Good point. We have to remind ourselves that we can't just look at life in terms of what we've seen on Earth. That would be rather narrow-minded thinking.

One Day More
2004-Jun-06, 01:27 AM
They could be like some insects or something that has a natural immunity against radiation. For example dolphins and whales, theroratically, evolved from land animals, and became adapted overtime to their watery habitats! They happen to be my favourite creatures! ;)
After all, aren't scorpians immune to at least some radiation? Or was it something else? :-k

Master258
2004-Jun-06, 01:39 AM
The name of this thread would be a good sci story.

eburacum45
2004-Jun-06, 02:19 AM
The extremophile bacteria Deinococcus radiodurans is probably the most radiation resistant Earth organism; ithas a tight protein case around each of its chromosomes so that the DNA has less opportunity to shuffle itself when it is disrupted by radiation.

If it were possible for Europan life to evolve similar protection it would be less likely to suffer constant genetic damage; similarly it may be possible to engineer such radiation resistance into future space-dwelling humans...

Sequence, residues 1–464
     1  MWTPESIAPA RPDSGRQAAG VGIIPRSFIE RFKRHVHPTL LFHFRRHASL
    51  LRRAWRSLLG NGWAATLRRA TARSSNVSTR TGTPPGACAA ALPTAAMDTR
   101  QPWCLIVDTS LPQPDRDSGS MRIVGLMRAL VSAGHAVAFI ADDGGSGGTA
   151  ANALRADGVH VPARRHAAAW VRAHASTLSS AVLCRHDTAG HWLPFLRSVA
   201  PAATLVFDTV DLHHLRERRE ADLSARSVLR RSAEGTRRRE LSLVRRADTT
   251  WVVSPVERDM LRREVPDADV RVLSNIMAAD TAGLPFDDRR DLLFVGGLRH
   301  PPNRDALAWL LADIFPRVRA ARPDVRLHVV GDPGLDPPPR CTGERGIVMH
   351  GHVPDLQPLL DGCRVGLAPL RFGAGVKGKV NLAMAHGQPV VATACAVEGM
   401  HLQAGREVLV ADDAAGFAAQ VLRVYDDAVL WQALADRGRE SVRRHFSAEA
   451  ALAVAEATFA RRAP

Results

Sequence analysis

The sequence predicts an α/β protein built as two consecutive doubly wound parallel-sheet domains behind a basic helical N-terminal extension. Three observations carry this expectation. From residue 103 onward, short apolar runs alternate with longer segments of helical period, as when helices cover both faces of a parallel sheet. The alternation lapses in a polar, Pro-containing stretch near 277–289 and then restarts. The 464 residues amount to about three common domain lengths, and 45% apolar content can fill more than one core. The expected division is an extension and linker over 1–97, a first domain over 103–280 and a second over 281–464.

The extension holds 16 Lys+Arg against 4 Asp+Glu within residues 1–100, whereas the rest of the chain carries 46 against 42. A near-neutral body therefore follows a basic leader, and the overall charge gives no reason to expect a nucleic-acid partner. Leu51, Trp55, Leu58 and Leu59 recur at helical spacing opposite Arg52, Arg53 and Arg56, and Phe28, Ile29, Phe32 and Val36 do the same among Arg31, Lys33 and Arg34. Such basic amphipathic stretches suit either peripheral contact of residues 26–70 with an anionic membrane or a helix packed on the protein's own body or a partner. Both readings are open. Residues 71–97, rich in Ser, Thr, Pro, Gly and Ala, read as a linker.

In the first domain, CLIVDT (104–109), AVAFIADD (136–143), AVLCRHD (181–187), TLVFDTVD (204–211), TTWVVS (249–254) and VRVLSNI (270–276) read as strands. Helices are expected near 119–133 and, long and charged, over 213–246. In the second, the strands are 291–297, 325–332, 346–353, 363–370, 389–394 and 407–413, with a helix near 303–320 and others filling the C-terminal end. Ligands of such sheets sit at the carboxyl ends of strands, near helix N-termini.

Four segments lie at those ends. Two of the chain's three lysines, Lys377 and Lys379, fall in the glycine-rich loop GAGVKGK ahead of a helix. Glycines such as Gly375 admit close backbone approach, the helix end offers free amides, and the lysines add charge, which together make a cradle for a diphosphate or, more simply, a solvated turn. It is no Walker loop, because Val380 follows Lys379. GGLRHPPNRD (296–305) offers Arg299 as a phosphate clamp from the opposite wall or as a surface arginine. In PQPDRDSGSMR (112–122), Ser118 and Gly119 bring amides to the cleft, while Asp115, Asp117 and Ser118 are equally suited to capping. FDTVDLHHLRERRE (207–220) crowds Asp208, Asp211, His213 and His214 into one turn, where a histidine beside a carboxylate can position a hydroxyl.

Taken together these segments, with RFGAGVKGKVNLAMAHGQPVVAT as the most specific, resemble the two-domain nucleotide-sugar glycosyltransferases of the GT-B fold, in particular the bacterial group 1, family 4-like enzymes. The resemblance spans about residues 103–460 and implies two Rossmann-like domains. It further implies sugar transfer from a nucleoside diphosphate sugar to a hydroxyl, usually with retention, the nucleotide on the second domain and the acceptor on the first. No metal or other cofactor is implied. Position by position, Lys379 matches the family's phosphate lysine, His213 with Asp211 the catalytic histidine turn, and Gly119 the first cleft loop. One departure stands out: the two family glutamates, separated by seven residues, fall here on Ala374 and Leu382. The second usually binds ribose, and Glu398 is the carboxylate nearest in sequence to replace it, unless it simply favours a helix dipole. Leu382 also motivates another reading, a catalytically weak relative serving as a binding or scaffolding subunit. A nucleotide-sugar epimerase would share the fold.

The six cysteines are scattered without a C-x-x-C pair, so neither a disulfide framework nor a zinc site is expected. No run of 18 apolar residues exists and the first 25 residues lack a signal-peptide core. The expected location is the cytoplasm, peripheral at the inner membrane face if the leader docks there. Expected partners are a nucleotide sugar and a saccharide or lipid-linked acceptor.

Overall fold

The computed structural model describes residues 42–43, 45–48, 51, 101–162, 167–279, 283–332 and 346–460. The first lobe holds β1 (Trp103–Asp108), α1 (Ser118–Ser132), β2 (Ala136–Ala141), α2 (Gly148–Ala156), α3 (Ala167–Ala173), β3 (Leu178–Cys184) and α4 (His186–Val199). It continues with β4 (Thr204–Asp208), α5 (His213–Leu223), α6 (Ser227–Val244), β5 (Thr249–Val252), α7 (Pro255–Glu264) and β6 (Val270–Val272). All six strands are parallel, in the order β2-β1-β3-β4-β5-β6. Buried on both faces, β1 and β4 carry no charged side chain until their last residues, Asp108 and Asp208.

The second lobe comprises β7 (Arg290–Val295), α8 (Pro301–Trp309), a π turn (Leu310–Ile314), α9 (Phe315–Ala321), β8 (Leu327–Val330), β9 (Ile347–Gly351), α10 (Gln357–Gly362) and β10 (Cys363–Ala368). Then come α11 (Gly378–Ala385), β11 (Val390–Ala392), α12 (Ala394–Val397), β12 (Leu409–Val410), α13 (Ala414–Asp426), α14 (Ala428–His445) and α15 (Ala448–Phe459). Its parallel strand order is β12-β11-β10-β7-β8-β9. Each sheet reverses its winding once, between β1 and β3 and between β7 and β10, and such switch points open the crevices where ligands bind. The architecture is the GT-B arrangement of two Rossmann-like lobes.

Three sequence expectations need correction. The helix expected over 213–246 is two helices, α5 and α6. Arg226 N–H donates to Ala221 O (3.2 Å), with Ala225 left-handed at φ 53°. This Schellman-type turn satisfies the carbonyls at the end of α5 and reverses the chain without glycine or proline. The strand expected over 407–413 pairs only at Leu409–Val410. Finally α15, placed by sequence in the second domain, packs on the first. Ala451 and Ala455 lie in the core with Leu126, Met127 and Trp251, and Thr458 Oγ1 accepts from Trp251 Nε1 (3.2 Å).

however, deep under the Europan ocean, life would be pretty much safe from the radiation from Jupiter's magnetic field ; we are not talking about radioactive isotopes here, but charged particles trapped in a field. I believe this sort of radiation would not penetrate Europa's ice and ocean layers very well.

ttoensing
2004-Jun-06, 11:13 PM
Depending on how we define "life", maybe radiation is no factor or even sustains Europa's creature(s)?!?

Hmmm....shades of the movie Alien...

Spacedog
2004-Jun-06, 11:57 PM
i'm imagining a creature that requires radiation to survive
so that in the earth year 10,000,001
the obelisk has a fulcrum
effective negotiation

Jpax2003
2004-Jun-07, 04:01 AM